It wasn't so long ago when crafting a marketing budget was a simpler endeavor -- you contended with a range of print publications, radio/TV spots, and tradeshows. Those were the good old times, when it was easy to look your boss in the eye and guarantee your marketing spend would come in at budget because you bought as much media as you could with the money they gave you.
Nowadays, we are lucky to have performance-marketing channels like online advertising and affiliate marketing to lean on. As business shifts to the web, marketers have been given a wonderful gift: the ability to monitor the success of their programs down to each individual sale.
However, it still seems like performance marketing is creating a bigger set of headaches for CMOs and marketing managers, rather than making their lives easier.
For instance, performance marketing is harder to budget because it comes from a different cost center due to its cost-per-acquisition nature. So, payment comes after successful sales.
In addition, when things are trackable, it means that you can optimize and improve performance. Tracking and optimization take energy and dedication, and setting aside time to learn new programs like Google AdWords, Skimlinks, etc. It also means that you might find data suggesting things aren't going well.
Moreover, marketing managers are often told to "use their budget or lose it," and it's significantly more time consuming to manage performance-marketing budgets given the above, so some opt for the easy way out, which is avoidance.
While these are legitimate points, they can all be addressed with a proactive plan and clear discussions with your team on what you are looking to achieve. Don't be pulled off task by other daily demands of your attention. A marketing model that guarantees you only spend money if you are getting more money back should definitely be getting more of your attention.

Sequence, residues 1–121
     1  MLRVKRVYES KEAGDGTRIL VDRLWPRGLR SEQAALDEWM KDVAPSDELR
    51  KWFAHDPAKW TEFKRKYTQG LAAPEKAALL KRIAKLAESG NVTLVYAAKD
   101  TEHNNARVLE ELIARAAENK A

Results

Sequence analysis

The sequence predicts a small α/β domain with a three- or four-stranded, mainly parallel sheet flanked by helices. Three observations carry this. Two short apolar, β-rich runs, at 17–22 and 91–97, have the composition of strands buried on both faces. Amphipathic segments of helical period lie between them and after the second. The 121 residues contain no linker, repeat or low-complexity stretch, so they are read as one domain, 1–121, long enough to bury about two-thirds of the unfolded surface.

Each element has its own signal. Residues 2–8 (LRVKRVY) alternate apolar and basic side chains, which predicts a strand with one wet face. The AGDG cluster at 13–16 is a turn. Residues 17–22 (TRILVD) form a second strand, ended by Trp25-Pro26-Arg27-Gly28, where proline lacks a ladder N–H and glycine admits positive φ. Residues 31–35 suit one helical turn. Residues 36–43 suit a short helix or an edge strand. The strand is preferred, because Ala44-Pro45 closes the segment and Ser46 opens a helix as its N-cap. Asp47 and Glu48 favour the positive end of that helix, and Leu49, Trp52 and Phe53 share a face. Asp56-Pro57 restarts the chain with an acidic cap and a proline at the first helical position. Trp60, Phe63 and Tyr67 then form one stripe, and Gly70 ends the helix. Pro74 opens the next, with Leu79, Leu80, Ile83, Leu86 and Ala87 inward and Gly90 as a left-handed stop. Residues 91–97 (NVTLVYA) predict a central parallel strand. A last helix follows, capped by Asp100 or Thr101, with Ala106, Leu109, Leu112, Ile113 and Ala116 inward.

Across industries, it's common to see an 80/20 split when it comes to budget allocation, with 80 percent reserved for brand marketing and the other 20 percent for performance-based activities like online advertising and affiliate marketing.
Following a set template might be a comfortable way to ease into the world of performance marketing, but is it the most effective?
Rather than follow arbitrary guidelines, step back and consider the marketing budget within the overall context of your company's goals and growth stage.
What are your company's primary objectives? Gaining market share? Demonstrating profitability pre-IPO? Acquiring new customers or retaining old ones? Building a strong brand? Most likely, it's some combination of the above that will vary based on the stage of growth your company is in, but determining your priorities is the first step.
After determining your company's top goals, it's time to assess if and how performance marketing can help you achieve your strategy for getting there. This will help determine if the 20/80 allocation is right for your business (it's probably not). There are a few common scenarios in which increasing the focus on performance marketing makes sense.
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